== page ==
Community disgust at sewage sludge dump
THE local community has reacted with disgust to news the company which last year sent experts to advice Cairns Regional Council on how to keep faecal matter out of the Douglas water supply is itself responsible for dumping more than 4000 tonnes of untreated sewage sludge onto beaches in NSW each year.
“You’ve got to be shitting me,” one member of the Douglas Community Water Reference Group said.
Hunter Water Australia, a subsidiary of the Newcastle water authority HunterWater, last year sent a team of experts to Douglas to advise council on how to prevent e Coli from leaking into the water delivery system.
HWA’s corporate parent was at the same time dumping untreated sewage sludge into the ocean around Newcastle.
In March this year, Hunter Water declared “biosolids pose a negligible health risk”.
At the same time, the authority announced a $15 million upgrade to carry out UV treatment of those biosolids to reduce the health risk of swimming among the sewage.
Cairns Regional Council general manager for water and waste Bruce Gardiner said he was astonished that any water authority was still operating an ocean outfall.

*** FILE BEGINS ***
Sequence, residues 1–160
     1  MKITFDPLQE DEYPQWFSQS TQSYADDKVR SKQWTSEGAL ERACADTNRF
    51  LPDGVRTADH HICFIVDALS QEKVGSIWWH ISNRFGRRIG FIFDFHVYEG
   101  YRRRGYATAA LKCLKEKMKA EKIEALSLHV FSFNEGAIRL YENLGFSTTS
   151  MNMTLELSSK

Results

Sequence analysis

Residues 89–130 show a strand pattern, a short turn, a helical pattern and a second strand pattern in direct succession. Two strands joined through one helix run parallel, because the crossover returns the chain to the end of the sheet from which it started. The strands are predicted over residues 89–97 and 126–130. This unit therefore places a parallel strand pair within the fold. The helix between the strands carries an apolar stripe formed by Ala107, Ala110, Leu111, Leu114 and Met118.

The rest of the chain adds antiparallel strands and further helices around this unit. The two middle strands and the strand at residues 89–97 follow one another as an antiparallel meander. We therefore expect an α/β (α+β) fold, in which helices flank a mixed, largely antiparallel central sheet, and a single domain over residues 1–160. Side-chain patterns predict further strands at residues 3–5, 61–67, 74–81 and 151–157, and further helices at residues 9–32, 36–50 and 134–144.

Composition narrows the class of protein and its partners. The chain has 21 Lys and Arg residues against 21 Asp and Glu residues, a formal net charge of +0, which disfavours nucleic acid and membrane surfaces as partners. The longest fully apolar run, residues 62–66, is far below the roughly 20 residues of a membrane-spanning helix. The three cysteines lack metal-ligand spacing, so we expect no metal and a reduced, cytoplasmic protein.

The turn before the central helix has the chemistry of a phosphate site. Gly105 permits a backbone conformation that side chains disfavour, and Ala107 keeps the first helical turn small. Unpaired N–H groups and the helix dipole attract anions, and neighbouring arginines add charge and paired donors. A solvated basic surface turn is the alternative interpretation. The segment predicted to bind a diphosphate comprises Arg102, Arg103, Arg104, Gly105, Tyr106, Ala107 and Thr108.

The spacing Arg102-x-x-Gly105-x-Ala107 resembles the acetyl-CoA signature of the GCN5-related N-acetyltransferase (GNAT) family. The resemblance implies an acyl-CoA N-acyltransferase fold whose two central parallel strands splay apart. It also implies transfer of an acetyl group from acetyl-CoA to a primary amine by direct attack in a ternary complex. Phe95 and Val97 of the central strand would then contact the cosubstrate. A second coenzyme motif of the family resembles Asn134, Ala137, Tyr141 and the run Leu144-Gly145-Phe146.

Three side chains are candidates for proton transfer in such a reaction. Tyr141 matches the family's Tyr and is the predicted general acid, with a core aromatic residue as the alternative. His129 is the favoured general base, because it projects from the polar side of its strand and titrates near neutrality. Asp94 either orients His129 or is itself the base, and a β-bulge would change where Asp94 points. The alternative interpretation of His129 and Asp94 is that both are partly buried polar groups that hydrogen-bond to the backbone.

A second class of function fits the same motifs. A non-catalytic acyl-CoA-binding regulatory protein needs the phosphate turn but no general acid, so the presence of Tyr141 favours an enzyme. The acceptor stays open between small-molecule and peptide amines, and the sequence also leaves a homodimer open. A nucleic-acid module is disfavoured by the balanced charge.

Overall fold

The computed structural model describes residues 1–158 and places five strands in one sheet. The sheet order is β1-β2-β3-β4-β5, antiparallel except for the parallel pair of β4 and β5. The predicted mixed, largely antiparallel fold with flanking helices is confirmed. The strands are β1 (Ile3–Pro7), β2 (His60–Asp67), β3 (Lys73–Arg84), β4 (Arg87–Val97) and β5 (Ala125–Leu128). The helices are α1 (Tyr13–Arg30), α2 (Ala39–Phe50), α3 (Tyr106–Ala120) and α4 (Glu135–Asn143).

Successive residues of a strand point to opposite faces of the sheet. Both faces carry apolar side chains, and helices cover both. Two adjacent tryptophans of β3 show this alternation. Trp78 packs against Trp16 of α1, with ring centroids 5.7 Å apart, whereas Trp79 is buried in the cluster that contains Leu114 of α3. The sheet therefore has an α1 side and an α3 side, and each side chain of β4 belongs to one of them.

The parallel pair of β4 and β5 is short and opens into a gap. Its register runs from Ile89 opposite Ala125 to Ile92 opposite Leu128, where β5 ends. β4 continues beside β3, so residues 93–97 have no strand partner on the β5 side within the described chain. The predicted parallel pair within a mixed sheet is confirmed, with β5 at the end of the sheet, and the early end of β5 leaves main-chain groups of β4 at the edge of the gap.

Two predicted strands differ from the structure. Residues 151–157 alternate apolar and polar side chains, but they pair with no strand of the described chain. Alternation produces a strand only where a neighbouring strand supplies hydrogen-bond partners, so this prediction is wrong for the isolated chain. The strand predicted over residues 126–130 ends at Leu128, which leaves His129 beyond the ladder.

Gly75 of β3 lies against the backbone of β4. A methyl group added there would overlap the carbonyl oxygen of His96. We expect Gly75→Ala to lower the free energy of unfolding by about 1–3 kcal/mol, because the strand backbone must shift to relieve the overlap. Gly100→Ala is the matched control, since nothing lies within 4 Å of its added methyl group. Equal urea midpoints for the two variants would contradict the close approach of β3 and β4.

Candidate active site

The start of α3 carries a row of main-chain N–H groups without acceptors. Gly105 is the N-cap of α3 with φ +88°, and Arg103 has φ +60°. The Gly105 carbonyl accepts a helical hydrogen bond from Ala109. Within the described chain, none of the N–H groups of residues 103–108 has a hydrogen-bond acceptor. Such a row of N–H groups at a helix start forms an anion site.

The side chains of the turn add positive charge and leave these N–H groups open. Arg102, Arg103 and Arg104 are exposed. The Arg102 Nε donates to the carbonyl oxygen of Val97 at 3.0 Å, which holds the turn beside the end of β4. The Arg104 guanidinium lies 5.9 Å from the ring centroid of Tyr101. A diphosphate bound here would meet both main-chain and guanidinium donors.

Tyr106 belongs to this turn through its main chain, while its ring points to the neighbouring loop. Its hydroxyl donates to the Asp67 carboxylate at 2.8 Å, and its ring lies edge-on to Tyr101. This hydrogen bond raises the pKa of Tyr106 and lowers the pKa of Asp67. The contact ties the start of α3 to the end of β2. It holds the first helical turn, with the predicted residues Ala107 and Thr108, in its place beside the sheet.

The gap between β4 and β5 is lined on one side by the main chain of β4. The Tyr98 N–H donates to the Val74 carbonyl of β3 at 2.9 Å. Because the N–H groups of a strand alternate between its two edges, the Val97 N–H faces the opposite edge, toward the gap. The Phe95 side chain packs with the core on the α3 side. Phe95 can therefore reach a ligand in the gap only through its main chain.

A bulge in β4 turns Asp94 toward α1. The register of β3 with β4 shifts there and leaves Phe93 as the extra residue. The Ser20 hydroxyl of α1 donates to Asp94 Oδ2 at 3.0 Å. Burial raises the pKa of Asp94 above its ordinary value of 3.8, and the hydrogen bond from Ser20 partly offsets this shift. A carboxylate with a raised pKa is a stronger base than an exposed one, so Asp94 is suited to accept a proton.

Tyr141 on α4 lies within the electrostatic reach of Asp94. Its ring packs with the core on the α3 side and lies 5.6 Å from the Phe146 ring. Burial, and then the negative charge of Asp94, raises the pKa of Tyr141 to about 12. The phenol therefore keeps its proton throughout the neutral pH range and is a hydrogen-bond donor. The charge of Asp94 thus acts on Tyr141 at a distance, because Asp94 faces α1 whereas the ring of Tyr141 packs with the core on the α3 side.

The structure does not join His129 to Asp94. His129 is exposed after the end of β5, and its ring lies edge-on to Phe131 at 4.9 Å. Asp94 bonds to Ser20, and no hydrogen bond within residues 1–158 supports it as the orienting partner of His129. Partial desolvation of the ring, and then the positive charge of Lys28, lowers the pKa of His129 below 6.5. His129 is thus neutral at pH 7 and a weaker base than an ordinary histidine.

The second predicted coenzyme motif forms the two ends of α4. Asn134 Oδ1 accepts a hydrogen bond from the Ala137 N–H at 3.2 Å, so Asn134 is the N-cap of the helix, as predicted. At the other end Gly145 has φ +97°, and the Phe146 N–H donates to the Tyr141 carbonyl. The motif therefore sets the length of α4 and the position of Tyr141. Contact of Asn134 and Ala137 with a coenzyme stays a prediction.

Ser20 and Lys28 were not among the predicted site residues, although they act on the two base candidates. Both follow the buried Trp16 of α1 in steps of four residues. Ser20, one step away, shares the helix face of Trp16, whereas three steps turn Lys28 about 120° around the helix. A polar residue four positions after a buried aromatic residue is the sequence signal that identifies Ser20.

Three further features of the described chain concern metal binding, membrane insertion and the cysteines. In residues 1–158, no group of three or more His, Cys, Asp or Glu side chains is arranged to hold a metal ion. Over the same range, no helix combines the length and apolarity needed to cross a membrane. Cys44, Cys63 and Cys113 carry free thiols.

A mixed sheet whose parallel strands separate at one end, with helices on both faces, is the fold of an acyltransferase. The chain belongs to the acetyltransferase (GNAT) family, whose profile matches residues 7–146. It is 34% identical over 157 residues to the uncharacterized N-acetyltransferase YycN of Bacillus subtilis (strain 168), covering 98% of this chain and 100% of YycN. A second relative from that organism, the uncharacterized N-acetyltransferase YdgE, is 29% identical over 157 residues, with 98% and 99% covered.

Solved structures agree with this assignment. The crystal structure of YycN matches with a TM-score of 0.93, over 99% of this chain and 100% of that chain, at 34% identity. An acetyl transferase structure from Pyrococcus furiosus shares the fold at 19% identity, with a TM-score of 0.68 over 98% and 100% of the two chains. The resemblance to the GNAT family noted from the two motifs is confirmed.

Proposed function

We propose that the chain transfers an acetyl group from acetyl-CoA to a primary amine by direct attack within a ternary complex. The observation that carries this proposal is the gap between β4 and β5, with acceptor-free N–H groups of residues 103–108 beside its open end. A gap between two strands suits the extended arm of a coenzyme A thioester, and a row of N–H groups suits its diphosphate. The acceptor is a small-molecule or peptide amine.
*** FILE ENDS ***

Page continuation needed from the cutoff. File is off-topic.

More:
“Ewww,” was his first comment when told.
“I wasn’t aware of that. I know Hunter Water’s operations. They run a pretty good show. I thought all those issues were sorted years ago.”
Mr Gardiner stressed that the consultants who carried out the study of the water supply network in Douglas last year worked for HWA, based in Sydney, rather than HunterWater itself.
Michael Gabour, the Port Douglas representative on the DCWRG, said the revelations called into question the recommendations and analysis which the HWA consultants had provided.
“It’s absurd to think we took advice from a company that shows this level of disrespect for their own backyard,” he said.
“I think Cairns Water has adopted the right approach now, but we want to see action in getting our water back to being chlorine-free.”
Division 10 councillor Julia Leu said she hoped Hunter Water would definitely not be involved in designing the chlorine-free trial for Mossman.
“Clearly, dumping sewage sludge into the oceans is completely unacceptable these days and I understand is illegal in Queensland,” she said.
“We need to get on with that trial as soon as possible, but I would be very concerned if Hunter Water were involved, given they are dumping sewage sludge into the oceans.”
Mr Gardiner, who is currently assessing three proposals from Australian and international consultants to design the trials, told the Gazette Hunter Water was not on the short-list.
“I can assure you we’re not talking to Hunter Water about the chlorine-free trial,” he said.